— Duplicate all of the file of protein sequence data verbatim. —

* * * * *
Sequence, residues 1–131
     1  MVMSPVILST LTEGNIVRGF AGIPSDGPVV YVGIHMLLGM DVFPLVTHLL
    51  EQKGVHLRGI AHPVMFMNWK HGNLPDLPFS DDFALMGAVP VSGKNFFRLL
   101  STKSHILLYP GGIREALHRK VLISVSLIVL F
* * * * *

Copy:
Sequence, residues 1–131
     1  MVMSPVILST LTEGNIVRGF AGIPSDGPVV YVGIHMLLGM DVFPLVTHLL
    51  EQKGVHLRGI AHPVMFMNWK HGNLPDLPFS DDFALMGAVP VSGKNFFRLL
   101  STKSHILLYP GGIREALHRK VLISVSLIVL F